This lovely bee is the squash bee, and I was fortunate enough to discover her, along with may others nestled inside squash flowers of a good friend’s garden! This was a very healthy and thriving collection of squash bees, and they are very specific to squash plant reproduction.

Squash bees are quite predictable in the flower preference they have; squash flowers, any type of squash flower, but it must be a squash flower.  They fly very early in the morning, sometimes before dawn seeking the opening squash flowers.  The females will spend much of the morning nestled inside squash flowers, circling the stamen of the flower, collecting nectar and pollen for their nests.  In fact, you will often find groups of squash bees within each squash bloom, absent of any conflict among them.

07.29.16 SquashBee2

Squash Bee

My photos too!

Squash bees are solitary nesters, meaning they work independently to build her nest, lay eggs, and collect all resources for the eggs they lay.  However, they may nest in aggregations of hundreds, kind of like apartment buildings are to humans. We live next to each other, but we all lead separate lives.

Squash bees prefer to nest VERY close to their favorite flowering plants, so you will most often find their nesting holes in the ground under squash plants.  Females will retreat to he nest come rundown, while males find a nice squash flower to sleep in until morning.

This activity continues throughout the summer, and partway into fall, then all the existing bees die, leaving behind the next season’s generation nestled all in a row of egg cells containing adult bees.  This new generation of bees will hibernate until the following spring or early summer when the squash plants are flowering.  Squash bees are so particular about the flowers they feed on, that their lifecycle revolves around squash plants!

I’m sure you may have already arrived at the question of what does that mean for them when we go to clear the dead squash plants at the end of the season?  Well, too much deep tilling can lead to complete destruction of a mother bee’s hard work.  Squash bees nest approximately 1.5 feet straight down into the ground, so only rigorous tilling harms nests. Leaving some of the plant behind can serve as insulation to the hibernating bees through the winter.

Next time you see a squash plant, take a peek inside to see a group of squash bees, and look under the squash plant for any holes in the ground that might be a squash bee’s nest.

There you have it! Another native bee we depend on to get resources we all enjoy in the fall!  I can’t wait to have some zucchini from my plants, and pumpkin too!  So many things occurring right beneath our noses, and we miss them when we don’t stop and observe.

Cheers to joining the movement to save our bees!

Lupines

by Sandy Swegel

One way to design your garden is to plan ahead, make sketches and get all of your seeds started indoors 8 weeks before frost.  Another way, for those of us not quite so organized, is to add a plant you absolutely fall in love with, no matter what the time of year.  Lupines fit this latter category for me.  Until I see them bloom, I forget how amazing they are. When they come into bloom, I am awestruck.  They are so unusual and big and beautiful and colorful.  I envy those in New Hampshire who went last week to the Sugar Hill Lupine Festival where you could ride horse-drawn wagons through fields of lupine.  The festival continues this weekend if you live nearby.  Friends sent photos of lupines against the sea in Cape Cod and I knew it was time to get the packets of seeds of lupine that I’ve had unopened since February.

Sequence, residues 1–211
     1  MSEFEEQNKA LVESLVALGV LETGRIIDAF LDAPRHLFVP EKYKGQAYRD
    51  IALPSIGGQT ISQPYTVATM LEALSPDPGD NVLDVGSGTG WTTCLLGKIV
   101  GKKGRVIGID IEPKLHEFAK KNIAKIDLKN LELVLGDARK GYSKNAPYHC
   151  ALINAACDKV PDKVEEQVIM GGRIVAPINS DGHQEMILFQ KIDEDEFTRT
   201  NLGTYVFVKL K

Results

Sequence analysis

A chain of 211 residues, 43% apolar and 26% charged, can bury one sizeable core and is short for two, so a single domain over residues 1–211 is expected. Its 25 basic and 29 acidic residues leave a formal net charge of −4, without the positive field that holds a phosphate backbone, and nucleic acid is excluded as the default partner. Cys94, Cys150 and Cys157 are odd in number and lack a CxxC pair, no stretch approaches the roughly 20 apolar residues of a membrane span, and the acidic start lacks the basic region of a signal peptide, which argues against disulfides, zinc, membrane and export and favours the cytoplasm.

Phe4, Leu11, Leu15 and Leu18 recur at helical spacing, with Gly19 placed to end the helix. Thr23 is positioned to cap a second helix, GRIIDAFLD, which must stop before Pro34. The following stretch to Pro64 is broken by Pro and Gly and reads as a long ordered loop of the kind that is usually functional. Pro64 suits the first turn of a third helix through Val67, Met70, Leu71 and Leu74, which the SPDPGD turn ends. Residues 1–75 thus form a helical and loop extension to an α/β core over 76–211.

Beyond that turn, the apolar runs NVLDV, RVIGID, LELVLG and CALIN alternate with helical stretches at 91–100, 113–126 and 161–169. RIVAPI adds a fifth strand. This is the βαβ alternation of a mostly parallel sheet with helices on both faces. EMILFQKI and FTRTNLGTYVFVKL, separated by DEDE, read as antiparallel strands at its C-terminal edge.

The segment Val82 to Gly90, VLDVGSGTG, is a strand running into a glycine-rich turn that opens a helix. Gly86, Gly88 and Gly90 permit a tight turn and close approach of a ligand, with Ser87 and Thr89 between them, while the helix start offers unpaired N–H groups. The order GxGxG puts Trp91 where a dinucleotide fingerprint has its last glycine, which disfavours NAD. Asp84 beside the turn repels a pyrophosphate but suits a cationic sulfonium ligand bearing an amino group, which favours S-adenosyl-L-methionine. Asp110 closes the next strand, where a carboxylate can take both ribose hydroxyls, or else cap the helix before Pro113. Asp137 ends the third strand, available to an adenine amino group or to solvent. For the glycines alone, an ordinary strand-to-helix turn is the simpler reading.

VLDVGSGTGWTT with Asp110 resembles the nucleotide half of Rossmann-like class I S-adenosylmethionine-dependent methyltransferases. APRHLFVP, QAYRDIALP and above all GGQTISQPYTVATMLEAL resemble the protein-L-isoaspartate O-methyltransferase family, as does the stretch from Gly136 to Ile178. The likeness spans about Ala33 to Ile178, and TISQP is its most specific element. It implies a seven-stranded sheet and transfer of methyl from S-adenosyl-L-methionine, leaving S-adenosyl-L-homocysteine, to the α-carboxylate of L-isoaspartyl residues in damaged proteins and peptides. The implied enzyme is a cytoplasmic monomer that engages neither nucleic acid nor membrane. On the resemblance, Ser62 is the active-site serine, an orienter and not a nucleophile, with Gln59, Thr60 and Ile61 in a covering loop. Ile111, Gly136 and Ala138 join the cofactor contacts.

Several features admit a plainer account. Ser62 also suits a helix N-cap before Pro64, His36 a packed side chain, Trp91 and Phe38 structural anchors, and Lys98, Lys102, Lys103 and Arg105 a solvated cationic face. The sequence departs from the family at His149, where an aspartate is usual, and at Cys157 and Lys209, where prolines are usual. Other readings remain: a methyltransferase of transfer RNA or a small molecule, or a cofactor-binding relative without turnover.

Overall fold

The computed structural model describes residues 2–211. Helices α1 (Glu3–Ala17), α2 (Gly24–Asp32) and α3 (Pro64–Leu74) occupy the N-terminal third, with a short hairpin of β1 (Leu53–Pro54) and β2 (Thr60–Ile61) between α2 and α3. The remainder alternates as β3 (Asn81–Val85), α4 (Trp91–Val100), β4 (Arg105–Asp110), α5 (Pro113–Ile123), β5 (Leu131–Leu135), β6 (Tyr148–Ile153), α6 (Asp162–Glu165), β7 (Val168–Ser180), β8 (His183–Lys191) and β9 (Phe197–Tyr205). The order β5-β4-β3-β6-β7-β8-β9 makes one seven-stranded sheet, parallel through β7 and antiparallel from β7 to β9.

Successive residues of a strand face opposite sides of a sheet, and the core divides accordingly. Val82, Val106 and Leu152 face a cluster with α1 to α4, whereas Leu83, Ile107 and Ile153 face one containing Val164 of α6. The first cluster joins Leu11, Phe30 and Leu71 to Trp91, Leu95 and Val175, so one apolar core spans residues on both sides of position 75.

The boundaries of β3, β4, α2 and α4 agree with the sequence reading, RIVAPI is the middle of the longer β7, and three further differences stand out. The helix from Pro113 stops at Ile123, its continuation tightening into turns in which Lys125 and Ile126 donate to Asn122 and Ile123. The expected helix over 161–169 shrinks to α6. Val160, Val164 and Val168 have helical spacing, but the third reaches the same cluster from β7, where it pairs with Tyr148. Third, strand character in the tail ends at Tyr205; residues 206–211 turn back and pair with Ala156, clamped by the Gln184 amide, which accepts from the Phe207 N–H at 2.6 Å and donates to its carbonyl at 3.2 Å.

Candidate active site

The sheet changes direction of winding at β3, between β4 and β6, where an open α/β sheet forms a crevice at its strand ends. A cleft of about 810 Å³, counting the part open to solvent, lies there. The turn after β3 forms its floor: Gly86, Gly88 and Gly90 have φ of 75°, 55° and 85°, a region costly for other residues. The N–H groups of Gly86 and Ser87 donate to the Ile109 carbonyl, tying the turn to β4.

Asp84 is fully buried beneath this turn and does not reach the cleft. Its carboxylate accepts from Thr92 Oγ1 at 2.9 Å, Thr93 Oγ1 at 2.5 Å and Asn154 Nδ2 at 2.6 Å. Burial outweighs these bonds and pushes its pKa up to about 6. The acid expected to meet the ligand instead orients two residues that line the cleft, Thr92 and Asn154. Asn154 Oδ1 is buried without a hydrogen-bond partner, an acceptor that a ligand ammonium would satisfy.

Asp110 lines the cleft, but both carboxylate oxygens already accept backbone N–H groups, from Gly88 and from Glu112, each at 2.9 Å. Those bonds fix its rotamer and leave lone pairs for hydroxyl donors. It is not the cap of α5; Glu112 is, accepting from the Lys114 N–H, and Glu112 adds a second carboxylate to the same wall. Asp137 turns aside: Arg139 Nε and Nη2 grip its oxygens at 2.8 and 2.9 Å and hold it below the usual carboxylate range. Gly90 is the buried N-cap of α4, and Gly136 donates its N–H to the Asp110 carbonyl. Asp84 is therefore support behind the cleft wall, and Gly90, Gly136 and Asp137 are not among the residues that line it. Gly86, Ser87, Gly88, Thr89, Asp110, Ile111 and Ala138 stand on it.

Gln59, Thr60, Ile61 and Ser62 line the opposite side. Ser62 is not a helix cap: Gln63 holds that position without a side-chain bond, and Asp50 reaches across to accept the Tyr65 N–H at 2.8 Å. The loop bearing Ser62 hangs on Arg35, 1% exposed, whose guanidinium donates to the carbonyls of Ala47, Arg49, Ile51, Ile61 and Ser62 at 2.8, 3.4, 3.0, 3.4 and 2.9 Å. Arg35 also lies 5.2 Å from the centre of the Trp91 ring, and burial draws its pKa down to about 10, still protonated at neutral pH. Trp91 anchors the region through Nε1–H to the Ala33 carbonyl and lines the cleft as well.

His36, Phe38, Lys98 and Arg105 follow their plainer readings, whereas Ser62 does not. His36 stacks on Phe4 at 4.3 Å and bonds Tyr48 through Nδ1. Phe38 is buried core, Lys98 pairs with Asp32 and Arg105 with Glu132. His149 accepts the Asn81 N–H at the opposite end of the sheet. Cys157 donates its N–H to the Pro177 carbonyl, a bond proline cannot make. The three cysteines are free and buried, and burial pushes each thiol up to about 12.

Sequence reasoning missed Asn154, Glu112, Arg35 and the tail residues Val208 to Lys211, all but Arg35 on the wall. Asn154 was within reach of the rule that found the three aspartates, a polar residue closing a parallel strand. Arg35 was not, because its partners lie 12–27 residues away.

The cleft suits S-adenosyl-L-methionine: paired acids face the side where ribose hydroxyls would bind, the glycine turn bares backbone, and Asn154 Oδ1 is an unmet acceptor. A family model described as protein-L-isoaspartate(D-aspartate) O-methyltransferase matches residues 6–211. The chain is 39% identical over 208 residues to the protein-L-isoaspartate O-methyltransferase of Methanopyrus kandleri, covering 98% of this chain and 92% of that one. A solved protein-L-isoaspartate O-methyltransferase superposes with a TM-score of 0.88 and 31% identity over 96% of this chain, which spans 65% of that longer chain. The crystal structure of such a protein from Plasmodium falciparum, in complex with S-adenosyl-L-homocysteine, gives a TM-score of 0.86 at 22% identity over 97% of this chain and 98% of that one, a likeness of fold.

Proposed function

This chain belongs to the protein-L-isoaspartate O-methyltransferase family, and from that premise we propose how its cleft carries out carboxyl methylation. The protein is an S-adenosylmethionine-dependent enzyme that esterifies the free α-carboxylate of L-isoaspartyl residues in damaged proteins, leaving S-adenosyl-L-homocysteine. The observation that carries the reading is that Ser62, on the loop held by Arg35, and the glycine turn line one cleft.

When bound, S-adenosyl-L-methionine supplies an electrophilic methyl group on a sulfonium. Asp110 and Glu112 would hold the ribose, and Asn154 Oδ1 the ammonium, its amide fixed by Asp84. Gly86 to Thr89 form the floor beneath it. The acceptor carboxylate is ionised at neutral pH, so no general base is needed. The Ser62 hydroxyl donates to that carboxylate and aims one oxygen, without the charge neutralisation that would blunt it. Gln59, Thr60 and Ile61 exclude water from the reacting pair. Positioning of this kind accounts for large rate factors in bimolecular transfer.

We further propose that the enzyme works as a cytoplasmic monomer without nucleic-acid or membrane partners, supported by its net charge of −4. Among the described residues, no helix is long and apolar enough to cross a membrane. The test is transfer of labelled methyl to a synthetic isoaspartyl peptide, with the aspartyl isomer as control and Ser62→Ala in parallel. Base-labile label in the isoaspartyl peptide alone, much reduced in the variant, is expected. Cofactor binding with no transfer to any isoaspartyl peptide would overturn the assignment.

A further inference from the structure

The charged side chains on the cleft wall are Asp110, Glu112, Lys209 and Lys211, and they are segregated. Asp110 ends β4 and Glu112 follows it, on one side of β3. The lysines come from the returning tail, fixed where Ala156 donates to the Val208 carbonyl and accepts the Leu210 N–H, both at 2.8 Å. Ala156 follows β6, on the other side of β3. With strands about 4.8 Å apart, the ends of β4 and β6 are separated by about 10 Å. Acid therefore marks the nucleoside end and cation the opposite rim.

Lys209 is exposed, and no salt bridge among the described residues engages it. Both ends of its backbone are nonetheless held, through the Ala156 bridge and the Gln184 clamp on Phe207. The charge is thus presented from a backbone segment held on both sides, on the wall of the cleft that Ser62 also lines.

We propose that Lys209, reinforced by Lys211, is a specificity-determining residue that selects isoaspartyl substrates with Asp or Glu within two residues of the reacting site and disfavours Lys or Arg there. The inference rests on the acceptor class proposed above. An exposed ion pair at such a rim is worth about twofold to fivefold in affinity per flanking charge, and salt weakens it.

June is probably a little late to get flowers for this year from seed, but it is perfect timing for growing big plants that will put out big flowers next June.  Even if you already have some lupine growing, it is a good time to start some more.  Lupines are biennial or short-lived perennials so you need to keep starting new plants if they aren’t seeding themselves around.  They germinate pretty easily especially if you give them a cold stratification or just soak them overnight in warm water before seeding.  Lupines are easy to grow.  They like moist areas but tolerate drought.

 

There are good reasons to grow lupine other than their drop-dead gorgeousness.  Permaculturists value lupine as nitrogen fixers and phosphorus accumulators.  Bees and other nectar-eating pollinators value the abundant nectar from lupines.  Lacewings like to lay eggs on them. Birds eat their seeds. And we feast on their beauty.

Photo Credit

Lupines of Cape Cod, L Fulton, 2016

Perched Among the Lupines, Michael Carr of Somersworth, NH 2013

Early Spring Flowers for Pollinators

by Sandy Swegel

Hungry pollinators are starting to wake up. Well, maybe not this week in Colorado if they are smart. We still have a foot of old snow on the ground, but the sun will come out later this week and I expect to see the first crocuses poke out from the melting snow.